I also read the school's "Statement of Faith."  It was certainly a statement, but I wasn't able to find much faith in it after the first sentence. Here are a few excerpts:
  1. We believe that salvation and the gift of eternal life can only be attained by accepting Jesus Christ as personal Savior by faith in His substitutionary death and the shedding of His blood on the cross. His payment for sins reconciles believers to God and is a gift to be received, not earned by works. To accept Christ as Savior, individuals must admit their own sin, recognize that only God can forgive sins, ask God to forgive them, believe that Jesus is the Son of God who died for them, and then ask God to save them. They then become a child of God and are secure in their salvation forever. Those who accept Christ will enjoy heaven forever, while those who reject Christ will suffer eternal and conscious punishment apart from God. (1 Cor. 15:22, Rom. 3:23, Rom. 6:23, Jn. 10:9-10, Jn. 14:6, Jn. 3:14-15, Rom. 5:1,10, Eph. 2:8-9, 1 Jn. 5:13).
  2. We believe that Jesus Christ Himself will someday return bodily as clearly stated in the Bible. We believe that His return at the Rapture is imminent and will occur before the Tribulation Period (as in the order described in Revelation 4-20), and that His Second Coming to earth will occur before His Millennial Reign. (Jn. 14:1-6, Matt. 24:27,30, Matt. 25:31, 1 Thess. 4:8-18, Rev. 7:14, 20:1-6, Dan. 9:26,27)
There are also eight other statements that include their beliefs on when you should be baptized, the inerrancy of the Bible, the role of the Holy Spirit, etc.  All are full of big theological words like substitutionary death, condemnation, redemption and absolute Deity. I grew up hearing these words and have studied theology so I know what they mean, but I tried to imagine some "newbie" Christian parent reading the statement and thinking, "Well, I am not sure exactly what all this means, but I'll go ahead and sign it. Thank God we go to that big Baptist Church on the hill because that means my little darlings McKenzie and Harley can get a quality Christian education! Poor Mrs. Ramirez is going to have to take her kids over the hill to go to school since there's nothing in this statement about worshiping the Virgin Mary like they do."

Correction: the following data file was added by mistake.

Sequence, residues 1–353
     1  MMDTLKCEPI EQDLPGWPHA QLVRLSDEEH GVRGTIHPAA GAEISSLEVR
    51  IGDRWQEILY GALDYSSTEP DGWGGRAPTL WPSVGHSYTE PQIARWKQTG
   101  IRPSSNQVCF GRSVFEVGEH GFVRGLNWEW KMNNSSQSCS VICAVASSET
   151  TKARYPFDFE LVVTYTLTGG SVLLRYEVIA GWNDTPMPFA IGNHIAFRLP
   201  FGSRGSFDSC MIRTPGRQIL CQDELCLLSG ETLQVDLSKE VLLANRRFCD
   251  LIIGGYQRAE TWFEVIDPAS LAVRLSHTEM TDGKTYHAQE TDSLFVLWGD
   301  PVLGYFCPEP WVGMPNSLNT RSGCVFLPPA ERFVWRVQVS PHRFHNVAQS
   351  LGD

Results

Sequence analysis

As I mentioned, I am a former Baptist in recovery. Part of my recovery involves joining a Lutheran church where it is refreshing to focus more on grace and what God does, than on my free will and what I do. Just look at statement #1. There is so much I HAVE TO DO!  I have to accept, receive, admit, recognize, ask..! And if I do, then when statement #2 happens (the 2nd coming of Christ), I won't get left behind! I'll be safe forever because I did the right things! Baptists certainly believe in grace and that salvation is a gift, and certainly I know some wonderful Baptist Christians, but their pendulum seems to swing a little bit more toward my will, my actions, my response than God's will, God's work, God's gift.

In statement #2 I have to do something, too--I have to make sure to GET THE ORDER RIGHT. Jesus is going to come back before the tribulation period, not after, or in the middle of it, but before. Evidently, I have to understand and agree to the timing of his return and millennial reign in order for my kid to go to this school. Somebody, get me a timline and a tutor, I am lost!